virtual children by Scott Warnock

Games for the long car ride

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Having been a lifeguard, I learned many strategies to ward off boredom during those rainy shore weekdays when all the swimmers were at the boardwalk or playing Monopoly at the beach house. Ah, but no experience in life need be wasted: Those anti-ennui lifeguard strategies are transferable to that iconic American family experience: The long automobile trip.

After our recent 2,000-mile vacation drive through Lanham, Williamsburg, Charleston, Savannah, Atlanta, and Charlotte, we played some classics, and below I share our versions of five of these efforts to while away the hours without just staring at screens, together, but alone.

Name that Song. This is indeed a classic, and many families have a version. Here are our simple rules: When a song comes on, the first person who shouts out the song name gets a point as does the person identifying the artist. Participants must keep their own scores, and we go with majority rules for close calls. There is no penalty for guessing. After a song is identified, you continue to cycle through the stations, looking for new songs and moving through ads.

Variation: Set up the radio presets in line with certain genres. I rule the classic rock stations; my wife kills the 80s; my daughter knows every pop song (within like three notes). Set presets along those lines. After scoring, you’re in control of the radio, and you can start in your own preset zone, but you still have to move through the whole range of presets.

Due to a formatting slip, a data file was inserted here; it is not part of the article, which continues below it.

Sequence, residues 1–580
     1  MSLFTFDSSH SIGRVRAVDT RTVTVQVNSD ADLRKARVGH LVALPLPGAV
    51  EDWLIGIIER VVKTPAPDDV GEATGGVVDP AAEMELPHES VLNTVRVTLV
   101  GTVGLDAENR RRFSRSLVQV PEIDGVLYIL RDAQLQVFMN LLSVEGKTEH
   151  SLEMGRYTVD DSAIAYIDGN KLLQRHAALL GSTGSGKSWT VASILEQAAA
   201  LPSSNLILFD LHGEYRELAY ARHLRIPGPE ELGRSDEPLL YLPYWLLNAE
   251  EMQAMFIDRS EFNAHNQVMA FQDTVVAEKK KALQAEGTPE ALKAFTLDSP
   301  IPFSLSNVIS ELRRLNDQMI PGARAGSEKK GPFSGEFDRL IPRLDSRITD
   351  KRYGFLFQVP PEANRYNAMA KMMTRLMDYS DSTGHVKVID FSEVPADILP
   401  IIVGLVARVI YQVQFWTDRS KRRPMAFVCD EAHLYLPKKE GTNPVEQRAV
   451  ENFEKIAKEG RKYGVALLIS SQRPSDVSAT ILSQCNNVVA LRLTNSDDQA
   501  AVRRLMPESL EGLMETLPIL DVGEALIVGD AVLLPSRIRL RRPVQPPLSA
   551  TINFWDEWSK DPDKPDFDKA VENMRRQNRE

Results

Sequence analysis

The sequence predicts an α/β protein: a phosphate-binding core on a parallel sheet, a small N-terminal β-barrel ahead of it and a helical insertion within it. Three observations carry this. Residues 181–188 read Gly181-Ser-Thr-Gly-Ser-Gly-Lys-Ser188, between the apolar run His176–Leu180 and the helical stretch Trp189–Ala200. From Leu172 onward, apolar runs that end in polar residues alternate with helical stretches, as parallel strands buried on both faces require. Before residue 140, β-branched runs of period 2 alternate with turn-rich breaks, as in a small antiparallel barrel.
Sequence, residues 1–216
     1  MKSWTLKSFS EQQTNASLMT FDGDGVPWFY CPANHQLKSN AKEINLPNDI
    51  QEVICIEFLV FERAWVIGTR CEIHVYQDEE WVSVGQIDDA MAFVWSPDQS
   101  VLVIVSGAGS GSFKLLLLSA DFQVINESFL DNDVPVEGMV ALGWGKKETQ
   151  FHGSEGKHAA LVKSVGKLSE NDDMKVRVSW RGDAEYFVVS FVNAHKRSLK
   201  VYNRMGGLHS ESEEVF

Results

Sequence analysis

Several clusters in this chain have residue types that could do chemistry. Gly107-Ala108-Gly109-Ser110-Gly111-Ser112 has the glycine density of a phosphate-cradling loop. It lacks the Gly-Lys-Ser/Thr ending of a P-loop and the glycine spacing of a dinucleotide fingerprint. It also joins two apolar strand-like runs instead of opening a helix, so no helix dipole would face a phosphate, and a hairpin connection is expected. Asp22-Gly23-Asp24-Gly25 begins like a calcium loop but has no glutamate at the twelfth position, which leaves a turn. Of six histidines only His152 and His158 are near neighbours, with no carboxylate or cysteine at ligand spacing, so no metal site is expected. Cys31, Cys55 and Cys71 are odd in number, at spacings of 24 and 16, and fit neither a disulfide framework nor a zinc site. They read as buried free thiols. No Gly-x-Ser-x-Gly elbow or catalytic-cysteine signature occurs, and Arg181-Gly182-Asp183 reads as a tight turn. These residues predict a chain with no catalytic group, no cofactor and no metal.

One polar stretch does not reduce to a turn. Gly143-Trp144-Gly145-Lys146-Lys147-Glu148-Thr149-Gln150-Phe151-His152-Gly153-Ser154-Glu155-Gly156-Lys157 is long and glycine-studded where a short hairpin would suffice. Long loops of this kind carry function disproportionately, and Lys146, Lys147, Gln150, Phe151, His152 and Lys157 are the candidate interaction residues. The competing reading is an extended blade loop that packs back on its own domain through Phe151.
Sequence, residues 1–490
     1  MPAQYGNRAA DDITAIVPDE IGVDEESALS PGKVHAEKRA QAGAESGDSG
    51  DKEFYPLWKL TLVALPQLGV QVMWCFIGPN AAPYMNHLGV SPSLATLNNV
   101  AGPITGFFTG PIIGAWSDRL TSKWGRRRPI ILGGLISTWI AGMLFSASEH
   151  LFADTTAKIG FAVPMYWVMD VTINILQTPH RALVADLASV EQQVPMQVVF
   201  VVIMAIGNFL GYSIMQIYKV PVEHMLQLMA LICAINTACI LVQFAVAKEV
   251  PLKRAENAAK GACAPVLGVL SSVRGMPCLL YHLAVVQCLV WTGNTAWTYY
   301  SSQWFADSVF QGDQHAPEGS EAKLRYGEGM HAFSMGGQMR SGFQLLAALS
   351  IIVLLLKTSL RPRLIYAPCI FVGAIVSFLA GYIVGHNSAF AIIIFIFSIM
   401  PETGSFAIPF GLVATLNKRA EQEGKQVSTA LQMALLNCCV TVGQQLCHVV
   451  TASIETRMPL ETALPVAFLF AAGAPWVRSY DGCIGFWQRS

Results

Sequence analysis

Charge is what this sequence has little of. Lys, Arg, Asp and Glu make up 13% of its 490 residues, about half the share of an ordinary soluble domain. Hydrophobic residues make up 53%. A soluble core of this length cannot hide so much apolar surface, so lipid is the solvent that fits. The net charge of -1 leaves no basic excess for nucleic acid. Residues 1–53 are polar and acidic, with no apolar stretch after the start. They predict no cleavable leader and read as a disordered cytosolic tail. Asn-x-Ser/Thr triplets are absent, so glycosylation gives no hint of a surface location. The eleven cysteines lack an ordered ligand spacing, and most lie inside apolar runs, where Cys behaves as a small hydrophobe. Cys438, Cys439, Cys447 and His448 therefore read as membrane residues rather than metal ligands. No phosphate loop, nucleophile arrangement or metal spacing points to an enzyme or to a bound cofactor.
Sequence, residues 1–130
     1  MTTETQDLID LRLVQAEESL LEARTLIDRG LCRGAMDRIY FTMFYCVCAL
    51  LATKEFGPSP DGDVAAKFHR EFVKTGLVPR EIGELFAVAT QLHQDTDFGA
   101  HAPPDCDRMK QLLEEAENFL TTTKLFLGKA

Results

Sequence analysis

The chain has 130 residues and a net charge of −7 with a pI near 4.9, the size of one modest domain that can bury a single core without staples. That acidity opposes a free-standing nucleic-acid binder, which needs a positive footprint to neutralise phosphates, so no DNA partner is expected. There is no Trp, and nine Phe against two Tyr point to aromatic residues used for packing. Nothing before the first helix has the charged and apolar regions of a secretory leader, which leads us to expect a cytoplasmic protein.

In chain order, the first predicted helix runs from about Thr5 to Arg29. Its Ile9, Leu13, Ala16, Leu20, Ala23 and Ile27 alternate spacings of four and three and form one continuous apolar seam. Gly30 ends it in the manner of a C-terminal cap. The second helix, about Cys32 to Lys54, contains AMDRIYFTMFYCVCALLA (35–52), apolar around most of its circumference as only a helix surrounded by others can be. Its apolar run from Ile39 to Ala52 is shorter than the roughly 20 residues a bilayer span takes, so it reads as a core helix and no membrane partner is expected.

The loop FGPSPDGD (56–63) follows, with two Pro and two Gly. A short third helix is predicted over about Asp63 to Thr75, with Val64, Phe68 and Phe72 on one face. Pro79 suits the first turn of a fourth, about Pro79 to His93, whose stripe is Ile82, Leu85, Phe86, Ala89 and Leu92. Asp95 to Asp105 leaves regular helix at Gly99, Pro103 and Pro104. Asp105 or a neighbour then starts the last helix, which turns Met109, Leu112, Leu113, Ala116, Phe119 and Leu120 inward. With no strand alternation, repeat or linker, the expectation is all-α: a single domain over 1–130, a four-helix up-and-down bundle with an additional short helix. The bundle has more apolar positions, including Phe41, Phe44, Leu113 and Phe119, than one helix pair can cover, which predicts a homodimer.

Alphabet Sign Game. Another classic. Here’s our version: Everyone starts at the same time, looking for a word that begins with “A” on a sign or on anything external to the vehicle. Then move through the alphabet in order. We play you can save one letter, so if you see a “Quality Inn” early, you can save that “Q.” It gets fierce, looking for those “Xs” and “Zs” at the end. You can make your own rules for things like repeat signs, car models (they make X much easier to find), and license plates (no license plate letters for us unless it’s an overt, obvious vanity plate word). Note: It’s tough to play in Virginia because of their strict billboard laws. Note: The driver has a disadvantage because he’s driving, but he has the advantage of controlling the car, thus avoiding that upcoming Nissan Quest after he already got his own “Q.” It’s a wash.

Variation: You can skip one letter, although we stopped doing this.

Variation: On long rides, go up and then back down the alphabet.

ABC Song Game. This is a new one I invented on our trip (yes, invented), and it’s awesome. My wife and I occupied ourselves for five straight hours from Williamsburg to Charleston. (She trounced me; it was luck.) To play, you need an iPod or something loaded with about 200 songs, but you need to not know what the songs are. You set the iPod to play in alphabetical song order. The game is this: When a song comes on, you have to guess what the next song alphabetically would be; the goal is to pick a song alphabetically earlier than the next song that actually plays. Folks, this is way harder than it sounds, and it’s very engrossing. So say “Night Moves” (Bob Seger) is playing. Player A guesses “No Regrets” (Billie Holiday). Player B guesses “Night of the Living Baseheads” (Public Enemy). Player C panics and guesses “Night Flight” (Led Zeppelin). The next song is “Night Shift” (Siouxsie and the Banshees). Player A gets nothing, as “No Regrets” is not before “Night Shift.” Player B gets one point. Player C is dumb, picking a song that’s actually before “Night Moves” and could be ejected from the car for this transgression: minus two points. Player B gets an additional two points for beating everyone else. If no one could think of a song before “Night Shift,” no points. Again, this is way harder than it sounds, especially because the song is playing while you’re thinking (and cause your kids keep asking you to explain the rules).